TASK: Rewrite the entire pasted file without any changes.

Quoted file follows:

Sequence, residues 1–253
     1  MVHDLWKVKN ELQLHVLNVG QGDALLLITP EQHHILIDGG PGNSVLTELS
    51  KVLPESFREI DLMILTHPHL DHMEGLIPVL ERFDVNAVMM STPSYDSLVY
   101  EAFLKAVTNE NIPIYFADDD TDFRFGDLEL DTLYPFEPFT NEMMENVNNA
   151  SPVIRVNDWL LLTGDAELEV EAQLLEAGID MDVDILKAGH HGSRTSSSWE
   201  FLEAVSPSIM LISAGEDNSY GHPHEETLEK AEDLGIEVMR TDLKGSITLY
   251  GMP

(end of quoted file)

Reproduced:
Sequence, residues 1–253
     1  MVHDLWKVKN ELQLHVLNVG QGDALLLITP EQHHILIDGG PGNSVLTELS
    51  KVLPESFREI DLMILTHPHL DHMEGLIPVL ERFDVNAVMM STPSYDSLVY
   101  EAFLKAVTNE NIPIYFADDD TDFRFGDLEL DTLYPFEPFT NEMMENVNNA
   151  SPVIRVNDWL LLTGDAELEV EAQLLEAGID MDVDILKAGH HGSRTSSSWE
   201  FLEAVSPSIM LISAGEDNSY GHPHEETLEK AEDLGIEVMR TDLKGSITLY
   251  GMP